Jack Grealish has become a connoisseur of dugouts. He can compare the Bernabeu with the Wanda Metropolitano, the Allianz Arena with the Puskas Arena, Wembley with Old Trafford, the Etihad with the Emirates. He has begun on the bench at all this season. He became the first £100million man to win the Premier League on an afternoon when he had a view of Pep Guardiola’s back: he was an unused substitute in the final-day win over Aston Villa.
One of his most famous appearances for England both began and ended on the bench: he was the substitute who was substituted in the Euro 2020 semi-final against Denmark, removed so others could protect a lead. Fast forward a year and in Munich Grealish took up his now familiar position behind Gareth Southgate. But when England were behind, he was brought on and he brought them back into the game.
Not directly. It would have been a fairer reflection of his influence had Harry Kane converted an enticing cross; instead Manuel Neuer made a superlative save and the equaliser actually came from the penalty spot when Nico Schlotterbeck tripped the England captain as each chased another Grealish centre.
He did not get an assist but he was the game-changer. If England scarcely merited a draw, Grealish nonetheless conjured one. Kane emerged as a threat with Grealish as his sidekick. His easy confidence produced a willingness to run at defenders, his magnetism drew the ball to him, his enthusiasm became infectious. He has accepted he has been too safe in possession at times in a Manchester City shirt. He had a pass completion rate of just 71 percent in the Allianz Arena but he was a picture of positivity, unafraid to take on Germany, talented enough to trouble their defenders. Perhaps it was the player who so captured Guardiola’s imagination that he paid a record fee for him.
He is also the one that Southgate tends to hold in reserve. It adds to the case that the England manager is instinctively cautious. Grealish’s defensive deficiencies count against him. “At the start of the game the challenge for the wide players was to attack, defend and to try and score goals – high tactical level and you’ve got to be spot on – and that’s an area Jack can get better at,” said the England manager. He preferred Mason Mount, who is famously good at following managerial instructions about pressing and positional discipline. But, a goal down, it was time for a maverick. Enter Grealish. “What he did do was carry the ball as the game opened up with a little bit more space and opportunity,” Southgate added. “The impact both he and Jarrod Bowen had was really important in those attacking areas.”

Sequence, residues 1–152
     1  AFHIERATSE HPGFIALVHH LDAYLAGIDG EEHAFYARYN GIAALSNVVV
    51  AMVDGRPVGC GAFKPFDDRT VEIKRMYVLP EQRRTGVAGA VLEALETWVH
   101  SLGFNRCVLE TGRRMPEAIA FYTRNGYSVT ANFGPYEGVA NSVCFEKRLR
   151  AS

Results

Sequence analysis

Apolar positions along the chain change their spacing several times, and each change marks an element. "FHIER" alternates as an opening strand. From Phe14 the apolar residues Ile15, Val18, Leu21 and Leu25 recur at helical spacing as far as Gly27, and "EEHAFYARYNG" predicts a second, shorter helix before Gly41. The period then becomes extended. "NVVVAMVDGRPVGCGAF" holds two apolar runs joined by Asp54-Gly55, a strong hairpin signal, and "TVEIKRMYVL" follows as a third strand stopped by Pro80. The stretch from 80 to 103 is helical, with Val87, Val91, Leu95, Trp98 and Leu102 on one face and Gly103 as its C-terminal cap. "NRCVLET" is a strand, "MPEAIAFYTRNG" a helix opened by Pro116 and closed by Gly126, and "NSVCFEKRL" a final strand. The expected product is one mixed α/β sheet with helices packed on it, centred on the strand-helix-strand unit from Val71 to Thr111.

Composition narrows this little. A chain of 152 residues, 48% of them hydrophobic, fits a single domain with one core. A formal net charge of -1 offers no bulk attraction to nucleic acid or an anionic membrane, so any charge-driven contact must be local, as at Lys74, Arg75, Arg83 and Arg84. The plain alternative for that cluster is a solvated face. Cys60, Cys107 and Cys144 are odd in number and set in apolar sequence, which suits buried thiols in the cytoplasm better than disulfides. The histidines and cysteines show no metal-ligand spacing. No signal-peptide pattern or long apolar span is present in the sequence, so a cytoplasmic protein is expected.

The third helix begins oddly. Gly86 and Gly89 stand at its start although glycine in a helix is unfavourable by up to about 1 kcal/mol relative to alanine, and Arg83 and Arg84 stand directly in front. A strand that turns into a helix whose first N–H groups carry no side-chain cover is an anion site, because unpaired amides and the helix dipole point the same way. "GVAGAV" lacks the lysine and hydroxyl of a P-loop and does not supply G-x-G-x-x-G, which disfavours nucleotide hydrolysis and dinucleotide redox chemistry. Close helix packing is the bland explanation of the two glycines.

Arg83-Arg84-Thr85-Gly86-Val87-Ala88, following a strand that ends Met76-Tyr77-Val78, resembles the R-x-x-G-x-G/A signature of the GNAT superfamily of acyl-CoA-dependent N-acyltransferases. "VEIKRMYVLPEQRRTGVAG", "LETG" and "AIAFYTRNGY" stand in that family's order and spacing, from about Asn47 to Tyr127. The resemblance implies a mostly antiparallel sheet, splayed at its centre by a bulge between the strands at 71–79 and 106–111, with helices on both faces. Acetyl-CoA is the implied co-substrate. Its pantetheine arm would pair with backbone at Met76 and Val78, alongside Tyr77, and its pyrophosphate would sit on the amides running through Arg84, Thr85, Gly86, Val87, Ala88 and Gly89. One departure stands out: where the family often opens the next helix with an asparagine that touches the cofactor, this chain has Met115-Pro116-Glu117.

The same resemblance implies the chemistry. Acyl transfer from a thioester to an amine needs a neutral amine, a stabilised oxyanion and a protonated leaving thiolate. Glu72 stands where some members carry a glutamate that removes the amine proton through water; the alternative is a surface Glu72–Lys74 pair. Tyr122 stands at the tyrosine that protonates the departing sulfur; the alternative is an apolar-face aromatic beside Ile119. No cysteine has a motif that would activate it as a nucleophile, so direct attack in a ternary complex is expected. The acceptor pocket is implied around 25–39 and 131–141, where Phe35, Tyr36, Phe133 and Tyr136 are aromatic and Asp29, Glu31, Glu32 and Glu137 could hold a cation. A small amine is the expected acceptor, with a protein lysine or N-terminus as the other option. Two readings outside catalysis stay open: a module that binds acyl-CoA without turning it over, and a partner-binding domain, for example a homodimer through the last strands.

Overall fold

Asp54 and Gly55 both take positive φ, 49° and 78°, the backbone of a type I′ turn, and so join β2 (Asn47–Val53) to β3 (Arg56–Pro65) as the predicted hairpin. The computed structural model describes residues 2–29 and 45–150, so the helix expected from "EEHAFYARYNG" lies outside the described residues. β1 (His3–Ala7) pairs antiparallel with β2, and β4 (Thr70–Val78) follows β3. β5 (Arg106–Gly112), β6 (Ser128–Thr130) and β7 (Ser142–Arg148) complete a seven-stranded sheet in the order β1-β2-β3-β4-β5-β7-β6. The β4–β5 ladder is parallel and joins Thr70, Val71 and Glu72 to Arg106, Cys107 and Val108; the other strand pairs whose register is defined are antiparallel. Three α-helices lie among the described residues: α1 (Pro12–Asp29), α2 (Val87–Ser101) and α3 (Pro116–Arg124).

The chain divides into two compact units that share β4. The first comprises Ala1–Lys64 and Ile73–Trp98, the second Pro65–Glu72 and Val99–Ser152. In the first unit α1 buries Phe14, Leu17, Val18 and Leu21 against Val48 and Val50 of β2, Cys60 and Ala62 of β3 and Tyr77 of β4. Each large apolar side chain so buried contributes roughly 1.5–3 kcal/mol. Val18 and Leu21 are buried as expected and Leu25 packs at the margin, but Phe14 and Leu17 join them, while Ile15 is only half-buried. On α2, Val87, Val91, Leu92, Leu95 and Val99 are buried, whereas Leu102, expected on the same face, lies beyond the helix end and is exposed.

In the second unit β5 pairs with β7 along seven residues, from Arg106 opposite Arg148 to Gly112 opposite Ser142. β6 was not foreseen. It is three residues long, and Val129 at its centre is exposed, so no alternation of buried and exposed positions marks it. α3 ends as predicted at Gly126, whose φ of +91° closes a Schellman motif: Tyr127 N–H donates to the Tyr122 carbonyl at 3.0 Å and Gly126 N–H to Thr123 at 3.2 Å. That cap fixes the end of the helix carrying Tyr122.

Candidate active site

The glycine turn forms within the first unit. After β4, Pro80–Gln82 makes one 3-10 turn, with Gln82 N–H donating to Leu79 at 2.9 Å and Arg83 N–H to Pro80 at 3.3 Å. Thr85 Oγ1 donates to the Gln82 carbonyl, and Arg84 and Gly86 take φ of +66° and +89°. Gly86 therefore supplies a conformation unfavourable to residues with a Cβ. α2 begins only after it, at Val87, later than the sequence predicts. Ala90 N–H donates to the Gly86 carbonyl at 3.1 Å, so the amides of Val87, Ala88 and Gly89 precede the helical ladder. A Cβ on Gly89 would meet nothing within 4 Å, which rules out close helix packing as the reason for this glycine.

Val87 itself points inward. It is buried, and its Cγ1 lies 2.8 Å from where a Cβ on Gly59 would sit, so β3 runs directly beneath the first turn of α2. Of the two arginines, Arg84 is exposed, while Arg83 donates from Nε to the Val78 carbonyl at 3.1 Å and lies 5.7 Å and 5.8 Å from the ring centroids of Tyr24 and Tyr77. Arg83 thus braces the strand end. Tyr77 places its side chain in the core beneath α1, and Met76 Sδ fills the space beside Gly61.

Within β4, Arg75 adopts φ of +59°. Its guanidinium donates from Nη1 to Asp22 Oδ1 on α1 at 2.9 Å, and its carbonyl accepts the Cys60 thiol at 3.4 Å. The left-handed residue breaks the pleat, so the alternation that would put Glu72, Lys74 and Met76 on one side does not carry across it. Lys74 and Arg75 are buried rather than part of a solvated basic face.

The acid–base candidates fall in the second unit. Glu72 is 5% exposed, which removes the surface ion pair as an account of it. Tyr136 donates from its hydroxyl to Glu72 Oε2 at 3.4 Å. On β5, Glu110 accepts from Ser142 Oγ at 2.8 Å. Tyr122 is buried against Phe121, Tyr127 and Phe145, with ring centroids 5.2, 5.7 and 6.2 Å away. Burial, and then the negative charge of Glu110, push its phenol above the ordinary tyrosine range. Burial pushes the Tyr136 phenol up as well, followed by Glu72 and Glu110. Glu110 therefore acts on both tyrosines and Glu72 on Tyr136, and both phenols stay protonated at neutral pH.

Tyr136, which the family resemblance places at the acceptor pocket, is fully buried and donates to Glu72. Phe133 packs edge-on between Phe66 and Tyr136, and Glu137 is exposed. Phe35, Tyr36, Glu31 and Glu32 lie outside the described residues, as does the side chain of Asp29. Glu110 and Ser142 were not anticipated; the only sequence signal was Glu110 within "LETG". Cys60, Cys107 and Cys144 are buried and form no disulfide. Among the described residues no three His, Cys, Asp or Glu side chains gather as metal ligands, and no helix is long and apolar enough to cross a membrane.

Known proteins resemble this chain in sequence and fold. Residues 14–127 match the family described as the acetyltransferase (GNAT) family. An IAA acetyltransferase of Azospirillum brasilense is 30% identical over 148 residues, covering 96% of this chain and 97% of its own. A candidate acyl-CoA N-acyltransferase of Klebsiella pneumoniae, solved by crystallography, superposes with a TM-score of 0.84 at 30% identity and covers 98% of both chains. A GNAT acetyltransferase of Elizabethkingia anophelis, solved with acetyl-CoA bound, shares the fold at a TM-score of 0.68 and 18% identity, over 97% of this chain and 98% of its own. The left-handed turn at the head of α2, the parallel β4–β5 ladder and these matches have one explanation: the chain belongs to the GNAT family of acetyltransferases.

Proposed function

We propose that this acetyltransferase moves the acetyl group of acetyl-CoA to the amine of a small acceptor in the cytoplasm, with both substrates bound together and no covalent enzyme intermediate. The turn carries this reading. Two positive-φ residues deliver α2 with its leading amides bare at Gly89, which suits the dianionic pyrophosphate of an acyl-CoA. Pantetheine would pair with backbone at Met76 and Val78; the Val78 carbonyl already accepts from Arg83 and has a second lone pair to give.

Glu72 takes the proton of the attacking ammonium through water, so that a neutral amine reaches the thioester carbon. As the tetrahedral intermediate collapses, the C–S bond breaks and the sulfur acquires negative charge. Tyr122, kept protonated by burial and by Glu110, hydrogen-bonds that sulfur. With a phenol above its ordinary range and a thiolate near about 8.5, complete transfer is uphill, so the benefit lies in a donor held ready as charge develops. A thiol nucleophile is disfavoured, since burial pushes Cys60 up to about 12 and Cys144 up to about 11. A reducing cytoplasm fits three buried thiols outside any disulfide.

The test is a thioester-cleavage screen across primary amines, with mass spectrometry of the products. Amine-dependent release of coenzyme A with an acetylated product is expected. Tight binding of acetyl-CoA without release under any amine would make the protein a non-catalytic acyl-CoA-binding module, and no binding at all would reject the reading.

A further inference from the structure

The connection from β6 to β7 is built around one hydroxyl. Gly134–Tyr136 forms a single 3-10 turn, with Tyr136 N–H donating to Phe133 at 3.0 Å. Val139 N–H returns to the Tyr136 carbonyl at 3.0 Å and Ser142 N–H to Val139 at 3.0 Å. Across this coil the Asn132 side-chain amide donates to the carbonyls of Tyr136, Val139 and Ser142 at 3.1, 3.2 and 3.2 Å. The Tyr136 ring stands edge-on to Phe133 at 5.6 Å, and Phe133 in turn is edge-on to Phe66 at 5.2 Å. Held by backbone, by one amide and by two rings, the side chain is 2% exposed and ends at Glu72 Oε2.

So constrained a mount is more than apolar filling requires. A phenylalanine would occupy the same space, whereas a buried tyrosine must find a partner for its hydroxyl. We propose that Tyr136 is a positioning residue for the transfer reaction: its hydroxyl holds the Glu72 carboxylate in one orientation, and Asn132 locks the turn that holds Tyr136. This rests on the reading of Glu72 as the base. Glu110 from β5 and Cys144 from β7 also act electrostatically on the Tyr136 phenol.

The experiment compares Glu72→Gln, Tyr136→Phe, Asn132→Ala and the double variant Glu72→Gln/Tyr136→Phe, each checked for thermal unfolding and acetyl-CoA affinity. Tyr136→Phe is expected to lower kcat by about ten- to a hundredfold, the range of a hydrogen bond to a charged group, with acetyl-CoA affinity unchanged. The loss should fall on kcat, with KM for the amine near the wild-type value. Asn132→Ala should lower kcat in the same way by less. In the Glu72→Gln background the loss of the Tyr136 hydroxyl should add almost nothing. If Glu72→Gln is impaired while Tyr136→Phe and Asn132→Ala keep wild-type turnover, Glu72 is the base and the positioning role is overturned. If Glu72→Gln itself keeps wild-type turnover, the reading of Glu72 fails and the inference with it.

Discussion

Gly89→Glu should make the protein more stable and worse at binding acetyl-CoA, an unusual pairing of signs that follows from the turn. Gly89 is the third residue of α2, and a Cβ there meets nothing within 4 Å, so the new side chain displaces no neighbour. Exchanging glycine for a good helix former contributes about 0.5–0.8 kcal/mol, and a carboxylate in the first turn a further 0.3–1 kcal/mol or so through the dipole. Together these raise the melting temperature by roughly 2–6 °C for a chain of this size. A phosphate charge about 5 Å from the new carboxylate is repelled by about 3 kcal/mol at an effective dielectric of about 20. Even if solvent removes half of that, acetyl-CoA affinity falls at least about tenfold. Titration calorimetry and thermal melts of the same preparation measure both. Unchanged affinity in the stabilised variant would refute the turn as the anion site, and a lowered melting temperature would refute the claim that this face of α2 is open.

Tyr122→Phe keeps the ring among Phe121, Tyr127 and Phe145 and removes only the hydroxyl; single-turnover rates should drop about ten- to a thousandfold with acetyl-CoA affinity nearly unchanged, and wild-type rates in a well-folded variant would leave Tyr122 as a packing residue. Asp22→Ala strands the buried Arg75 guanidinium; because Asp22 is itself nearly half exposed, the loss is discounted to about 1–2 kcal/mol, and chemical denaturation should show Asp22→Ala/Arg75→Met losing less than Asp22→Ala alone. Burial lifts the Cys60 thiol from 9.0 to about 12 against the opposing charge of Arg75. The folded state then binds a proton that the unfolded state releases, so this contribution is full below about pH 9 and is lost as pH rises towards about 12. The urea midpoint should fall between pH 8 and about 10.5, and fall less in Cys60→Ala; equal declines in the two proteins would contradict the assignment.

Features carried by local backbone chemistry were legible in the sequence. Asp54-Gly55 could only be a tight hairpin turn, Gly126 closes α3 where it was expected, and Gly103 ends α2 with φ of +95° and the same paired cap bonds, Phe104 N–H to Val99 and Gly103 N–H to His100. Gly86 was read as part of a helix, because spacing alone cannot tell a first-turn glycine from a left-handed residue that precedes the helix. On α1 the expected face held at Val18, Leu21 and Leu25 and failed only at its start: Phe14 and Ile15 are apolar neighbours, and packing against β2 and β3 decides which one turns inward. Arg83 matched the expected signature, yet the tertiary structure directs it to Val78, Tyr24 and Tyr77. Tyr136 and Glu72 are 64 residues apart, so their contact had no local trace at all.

If it was only natural to wonder if such an impact might have been exerted earlier on, Southgate argued Grealish was capable of being either starter or substitute. “If we didn’t trust him we wouldn’t put him on the pitch with 20 minutes to go in the belief he can make a difference,” he said.
The obvious suggestion is to say Southgate should bring Grealish into the side against Italy on Saturday, especially as Mount has been below par in both June games and Raheem Sterling was not at his best in Germany. Perhaps he should but there is an alternative idea.
Especially in defining matches, Southgate’s England are sometimes a team who start well and then lose their way, retreating to their own half, having ever less of the ball, looking to hang on. It was a tale of Croatia and Italy, of the 2018 World Cup and Euro 2020. Grealish can be a one-man outlet, committing defender after defender, stretching a tiring team. An attacking replacement’s role can be twofold and if he excelled at arguably the more important part of it on Tuesday, altering a game his side was losing, England’s recent history indicates they have a greater need for someone who can provide an injection of quality and ideas. For Grealish, of course, the ideal consequence is that he has propelled himself into the starting 11.
But if not, he will be able to serve his country in cameos if he establishes himself as the substitute for all scenarios. And if so, his summer will be notable for more than just his exuberant, entertaining part in City’s title-winning celebrations.